With American Movie Classics having jettisoned that confining brand name in favor of the liberating small-letter designation “amc,” Turner Classic Movies increasingly stands apart as a cultural treasure — a mantle the ad-free channel carries well with this fascinating documentary about one of the cinema’s highest-profile filmmakers. Generously mixing clips with observations from Cecil B. DeMille’s family, collaborators and historians plus directors Steven Spielberg and Martin Scorsese, “American Epic” is ready for its closeup, sprinkling juicy tidbits while encapsulating a half-century of film history.
As usual, the docu is essentially a savvy come-on to attract critics’ attention, serving as the original garnish to a movie feast that includes the DeMille silents “King of Kings” and “The Cheat” as well as epics from various directors.
Still, it’s an enticing production, rightfully devoting more than a quarter of its second hour to 1956 pic “The Ten Commandments” (DeMille also made a silent version in 1923.) A clear highlight, that portion explores the film’s anti-communist underpinnings, the heart attack the 73-year-old DeMille suffered during production and the 20,000 extras amassed to cross the parted Red Sea — a sequence Spielberg dubs “the greatest special effect in film history.”
The first part focuses principally on DeMille’s life and silent films, which helped put Paramount and, indeed, all of Hollywood on the map. (One killer image shows what a cow town the place was when he arrived and how it appeared at the time of his death, 50 years later.)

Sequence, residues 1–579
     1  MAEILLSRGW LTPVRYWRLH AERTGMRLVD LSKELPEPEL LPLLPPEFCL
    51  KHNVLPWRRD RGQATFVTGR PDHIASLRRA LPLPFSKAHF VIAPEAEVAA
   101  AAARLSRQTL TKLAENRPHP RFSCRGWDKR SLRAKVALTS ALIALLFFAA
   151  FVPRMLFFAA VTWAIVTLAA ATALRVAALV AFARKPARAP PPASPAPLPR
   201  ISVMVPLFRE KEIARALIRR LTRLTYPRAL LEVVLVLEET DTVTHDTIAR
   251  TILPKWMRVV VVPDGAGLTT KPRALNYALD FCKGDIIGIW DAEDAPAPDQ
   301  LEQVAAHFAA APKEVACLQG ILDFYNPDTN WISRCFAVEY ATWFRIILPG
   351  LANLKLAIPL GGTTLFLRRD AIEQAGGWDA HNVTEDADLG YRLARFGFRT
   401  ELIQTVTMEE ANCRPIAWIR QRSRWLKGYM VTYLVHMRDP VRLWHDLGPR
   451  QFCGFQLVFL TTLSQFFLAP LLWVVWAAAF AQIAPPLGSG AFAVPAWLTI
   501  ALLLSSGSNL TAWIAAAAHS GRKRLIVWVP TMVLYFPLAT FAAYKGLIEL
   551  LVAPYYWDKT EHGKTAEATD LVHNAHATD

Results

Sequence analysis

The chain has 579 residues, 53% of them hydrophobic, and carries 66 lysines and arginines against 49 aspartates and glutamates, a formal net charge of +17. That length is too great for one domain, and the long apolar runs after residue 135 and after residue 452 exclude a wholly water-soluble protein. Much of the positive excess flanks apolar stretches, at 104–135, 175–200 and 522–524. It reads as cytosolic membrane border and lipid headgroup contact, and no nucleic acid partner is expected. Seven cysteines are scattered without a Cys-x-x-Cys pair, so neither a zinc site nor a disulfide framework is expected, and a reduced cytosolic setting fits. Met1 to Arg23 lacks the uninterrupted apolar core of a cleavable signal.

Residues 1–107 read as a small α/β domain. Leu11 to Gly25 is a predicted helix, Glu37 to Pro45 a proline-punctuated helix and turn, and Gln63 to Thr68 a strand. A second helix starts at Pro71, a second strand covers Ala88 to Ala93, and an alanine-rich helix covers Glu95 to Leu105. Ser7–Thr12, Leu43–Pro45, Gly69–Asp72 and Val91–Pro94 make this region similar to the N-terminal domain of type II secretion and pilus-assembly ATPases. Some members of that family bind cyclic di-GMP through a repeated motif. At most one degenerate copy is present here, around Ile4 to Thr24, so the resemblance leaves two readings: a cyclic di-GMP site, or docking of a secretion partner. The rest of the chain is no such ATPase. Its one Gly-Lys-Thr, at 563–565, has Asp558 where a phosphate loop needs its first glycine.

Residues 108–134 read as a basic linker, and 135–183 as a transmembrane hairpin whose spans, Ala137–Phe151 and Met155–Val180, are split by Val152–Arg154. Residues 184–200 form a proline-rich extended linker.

Having feuded with studio mogul Adolph Zukor, DeMille went through a series of flops in the 1920s before his Phoenix-like resurgence thanks to a series of epics, cloaking sex and violence in the shielding light of the Bible and history.
Most remarkable, though, is how DeMille himself became a recognizable brand, hosting the “Lux Radio Theatre” and barking orders to cast “like a great battlefield commander,” as Spielberg puts it — Patton in a three-piece suit, perched on a crane above them.
Mostly flattering, the production isn’t always, detailing DeMille’s efforts to replace Joseph Mankiewicz as president of the Directors Guild for resisting “loyalty oaths” and informing on communist sympathizers — an episode that makes the current WGA shenanigans seem relatively sanguine. Art director A. Arnold Gillespie observes the director was “detested by everyone who ever worked for him, until they got to know him.”
On a lighter note, there are stories about DeMille’s staff blithely following him waist-deep into water as he contemplated a shot, and “Samson and Delilah” star Victor Mature being “terrified of the lion” he was supposed to bravely vanquish.
Given the box office bounty for “The Passion of the Christ,” the DeMille saga feels especially timely, down to charges of anti-Semitism that briefly dogged his 1927 silent “King of Kings.”
“American Epic” premieres a day after ABC’s annual showing of “The Ten Commandments” — still gloriously chewing up scenery now 45 years after the director’s death. In fact, there’s a great college drinking game in taking a swig every time someone says “Oh Moses, Moses.”
A slightly older demo, meanwhile, should drink a toast to TCM, which still dares to provide a glimpse of the film world in black and white.